Small talk can feel like it sounds, unimportant and insignificant, but learning how to start a conversation is a crucial skill in your career. People naturally think of small talk as discussing the weather or bringing up some trivial information that seems meaningless when your time is valuable.
As trivial as it may seem, small talk opens the road to building rapport. Employers can’t hire enough people that demonstrate the skill of putting people at ease, truth be known conversational skills make you more employable.
One of the reasons why people are uncomfortable attending networking events or joining professional groups is their awkwardness in carrying on conversations. Some have no problem in going with the flow while meeting people but not everyone feels that way, especially when they are looking to transition their career.
Your ability to build rapport with those around you leads to what employers call the “likeability factor” and job candidates who are likeable are easy to hire.
Small talk and cold sweats
There are some remedies if you feel that small talk makes you break out in cold sweats. Try practicing starting a conversation on a daily basis with people you know then gradually ease up to greeting those who ride the elevator with you every day.
It’s amazing what a smile can do to bring on small talk that leads to a conversation starter. A couple of days ago, I overheard a conversation while two people were fueling their cars. One person complimented the other one’s car, and from there they started talking about gas mileage.
As insignificant as this may seem, it was a great example of how a compliment and a question can lead to a good conversation.
You might be surprised at the number of coworkers who rarely greet one another in the morning, the small gesture of acknowledgement takes less than a couple of minutes but over time reaps social benefits that adds up.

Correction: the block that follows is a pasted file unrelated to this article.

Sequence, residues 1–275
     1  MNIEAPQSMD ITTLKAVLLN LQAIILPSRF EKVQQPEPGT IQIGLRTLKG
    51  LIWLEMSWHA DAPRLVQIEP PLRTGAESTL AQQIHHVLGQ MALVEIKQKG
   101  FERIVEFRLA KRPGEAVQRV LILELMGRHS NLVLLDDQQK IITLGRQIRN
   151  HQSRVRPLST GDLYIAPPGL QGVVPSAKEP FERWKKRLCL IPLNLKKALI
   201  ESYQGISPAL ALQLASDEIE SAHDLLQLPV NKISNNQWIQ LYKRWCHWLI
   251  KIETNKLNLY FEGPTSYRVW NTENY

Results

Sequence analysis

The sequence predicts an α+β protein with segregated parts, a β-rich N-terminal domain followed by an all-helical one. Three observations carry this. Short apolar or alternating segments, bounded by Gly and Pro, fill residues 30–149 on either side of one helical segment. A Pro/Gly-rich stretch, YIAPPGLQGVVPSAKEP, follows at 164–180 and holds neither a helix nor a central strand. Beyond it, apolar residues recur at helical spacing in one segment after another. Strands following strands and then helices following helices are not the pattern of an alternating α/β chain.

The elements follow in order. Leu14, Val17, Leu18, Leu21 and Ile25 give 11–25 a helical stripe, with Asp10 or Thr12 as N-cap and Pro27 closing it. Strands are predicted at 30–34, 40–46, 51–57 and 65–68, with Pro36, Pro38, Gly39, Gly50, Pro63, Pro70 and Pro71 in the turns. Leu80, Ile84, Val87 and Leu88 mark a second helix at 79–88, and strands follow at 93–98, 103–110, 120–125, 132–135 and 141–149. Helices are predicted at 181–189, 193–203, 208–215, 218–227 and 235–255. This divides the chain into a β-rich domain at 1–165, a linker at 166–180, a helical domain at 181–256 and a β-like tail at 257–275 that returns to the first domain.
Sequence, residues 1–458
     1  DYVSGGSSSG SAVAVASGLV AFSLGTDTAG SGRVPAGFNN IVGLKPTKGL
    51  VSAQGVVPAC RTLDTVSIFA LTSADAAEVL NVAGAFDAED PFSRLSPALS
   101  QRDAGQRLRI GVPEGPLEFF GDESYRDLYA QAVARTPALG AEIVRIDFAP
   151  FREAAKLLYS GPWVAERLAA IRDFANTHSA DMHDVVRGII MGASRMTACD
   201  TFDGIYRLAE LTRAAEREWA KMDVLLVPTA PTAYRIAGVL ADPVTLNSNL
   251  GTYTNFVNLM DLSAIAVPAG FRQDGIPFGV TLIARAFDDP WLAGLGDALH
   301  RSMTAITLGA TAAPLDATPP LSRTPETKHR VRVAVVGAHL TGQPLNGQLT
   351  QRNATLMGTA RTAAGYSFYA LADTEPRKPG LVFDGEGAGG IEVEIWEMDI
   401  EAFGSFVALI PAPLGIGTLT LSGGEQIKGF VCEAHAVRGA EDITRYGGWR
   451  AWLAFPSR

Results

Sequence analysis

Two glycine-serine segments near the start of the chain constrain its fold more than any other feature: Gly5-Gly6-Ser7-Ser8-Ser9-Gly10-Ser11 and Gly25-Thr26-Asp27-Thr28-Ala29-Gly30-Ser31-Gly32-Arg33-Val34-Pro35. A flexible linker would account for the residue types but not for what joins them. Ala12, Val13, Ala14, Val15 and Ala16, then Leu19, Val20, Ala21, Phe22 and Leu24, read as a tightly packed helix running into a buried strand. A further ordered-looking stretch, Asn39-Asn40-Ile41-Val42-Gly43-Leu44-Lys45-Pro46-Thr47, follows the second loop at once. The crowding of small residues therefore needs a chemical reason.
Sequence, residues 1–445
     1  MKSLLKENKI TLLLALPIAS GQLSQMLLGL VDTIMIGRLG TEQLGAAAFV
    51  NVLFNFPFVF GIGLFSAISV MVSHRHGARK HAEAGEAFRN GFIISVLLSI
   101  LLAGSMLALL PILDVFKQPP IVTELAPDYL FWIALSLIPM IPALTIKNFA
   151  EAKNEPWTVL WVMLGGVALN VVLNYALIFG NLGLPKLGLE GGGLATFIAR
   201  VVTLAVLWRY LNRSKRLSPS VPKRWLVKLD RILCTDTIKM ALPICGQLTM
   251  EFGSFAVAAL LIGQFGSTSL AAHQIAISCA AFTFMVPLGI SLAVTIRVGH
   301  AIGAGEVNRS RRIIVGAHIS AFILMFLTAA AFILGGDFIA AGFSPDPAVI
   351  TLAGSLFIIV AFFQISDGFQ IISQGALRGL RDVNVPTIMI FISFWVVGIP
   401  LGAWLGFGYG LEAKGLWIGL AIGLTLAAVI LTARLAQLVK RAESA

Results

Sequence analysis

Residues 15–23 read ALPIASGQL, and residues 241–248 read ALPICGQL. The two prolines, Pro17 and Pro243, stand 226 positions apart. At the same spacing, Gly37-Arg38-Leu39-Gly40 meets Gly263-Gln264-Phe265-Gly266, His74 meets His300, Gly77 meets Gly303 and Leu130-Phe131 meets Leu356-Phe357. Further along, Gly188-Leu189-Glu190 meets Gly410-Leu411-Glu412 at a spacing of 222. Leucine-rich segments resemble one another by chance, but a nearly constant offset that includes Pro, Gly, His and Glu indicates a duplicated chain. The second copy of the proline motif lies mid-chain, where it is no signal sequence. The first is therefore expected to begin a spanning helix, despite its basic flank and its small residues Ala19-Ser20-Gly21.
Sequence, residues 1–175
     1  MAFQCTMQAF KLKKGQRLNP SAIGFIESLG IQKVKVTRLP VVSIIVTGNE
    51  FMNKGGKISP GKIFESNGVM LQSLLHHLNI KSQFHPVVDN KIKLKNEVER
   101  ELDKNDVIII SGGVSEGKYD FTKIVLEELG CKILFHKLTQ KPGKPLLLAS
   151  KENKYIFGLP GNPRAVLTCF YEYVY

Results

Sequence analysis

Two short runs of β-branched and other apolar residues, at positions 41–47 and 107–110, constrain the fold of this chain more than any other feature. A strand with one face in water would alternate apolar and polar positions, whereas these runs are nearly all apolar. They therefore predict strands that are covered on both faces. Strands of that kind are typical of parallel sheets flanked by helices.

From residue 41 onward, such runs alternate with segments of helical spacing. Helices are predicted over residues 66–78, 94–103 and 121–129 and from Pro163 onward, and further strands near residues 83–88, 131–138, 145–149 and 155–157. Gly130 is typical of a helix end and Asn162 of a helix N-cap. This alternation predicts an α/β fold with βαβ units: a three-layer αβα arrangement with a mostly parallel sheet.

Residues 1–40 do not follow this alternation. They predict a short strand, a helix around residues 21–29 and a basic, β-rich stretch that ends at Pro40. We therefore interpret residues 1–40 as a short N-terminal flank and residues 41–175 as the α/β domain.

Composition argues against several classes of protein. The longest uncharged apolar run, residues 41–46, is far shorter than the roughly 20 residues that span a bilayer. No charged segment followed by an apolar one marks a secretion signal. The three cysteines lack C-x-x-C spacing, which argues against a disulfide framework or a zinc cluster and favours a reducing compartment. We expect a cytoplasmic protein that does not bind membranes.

Take some time to list several topics that most people could relate too and use those as starting points. Keep in mind that everyone likes to feel special and when you recognize that it naturally leads to good conversation starters.
Knowing when to stop
Knowing when to stop small talk and change direction with the conversation is the next step in building rapport and that’s where some people at networking events have a difficult time. Relying too heavily on small talk topics will keep you from gathering needed information and will prevent your network from growing.
Pay attention to nonverbal cues — when small talk is beginning to fizzle that’s a sign to change directions. In the case of a networking event, communicate with more depth such as talking about your personal goals or what you share in common by attending the same event.
A good strategy is researching the event first and preparing some open ended questions to use in case you need them.
Asking questions and showing interest in the other person builds upon small talk. Gauge how much time you spend talking versus listening and make sure it’s a good balance.
Keep in mind that not every topic is suited for starting a conversation and know which ones will likely create reactions such as subjects you feel passionate about that could make others feel uncomfortable. Not everyone will share your same enthusiasm, and instead of small talking working for you it could be a liability.
Small talk will have a big impact on your career by helping you meeting new people and developing the likeability factor that will pave the way toward opportunity.